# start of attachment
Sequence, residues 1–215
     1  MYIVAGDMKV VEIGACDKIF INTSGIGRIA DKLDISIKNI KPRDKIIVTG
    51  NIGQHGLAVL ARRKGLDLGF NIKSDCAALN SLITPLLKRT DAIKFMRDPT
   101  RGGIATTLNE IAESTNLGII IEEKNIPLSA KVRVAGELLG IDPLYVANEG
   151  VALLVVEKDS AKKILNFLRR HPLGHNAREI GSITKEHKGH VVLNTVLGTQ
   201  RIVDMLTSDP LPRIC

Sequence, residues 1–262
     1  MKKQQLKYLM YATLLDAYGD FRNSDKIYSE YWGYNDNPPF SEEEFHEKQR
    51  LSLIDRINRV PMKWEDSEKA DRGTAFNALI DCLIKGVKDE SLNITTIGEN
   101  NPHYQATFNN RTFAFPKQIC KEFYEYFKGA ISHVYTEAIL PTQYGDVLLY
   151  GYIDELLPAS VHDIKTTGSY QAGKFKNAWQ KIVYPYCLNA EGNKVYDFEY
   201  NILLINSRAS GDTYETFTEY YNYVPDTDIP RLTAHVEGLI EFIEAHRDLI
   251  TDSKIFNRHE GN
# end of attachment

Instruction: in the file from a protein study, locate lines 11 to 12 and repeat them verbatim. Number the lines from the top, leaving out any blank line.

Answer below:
   151  GYIDELLPAS VHDIKTTGSY QAGKFKNAWQ KIVYPYCLNA EGNKVYDFEY
   201  NILLINSRAS GDTYETFTEY YNYVPDTDIP RLTAHVEGLI EFIEAHRDLI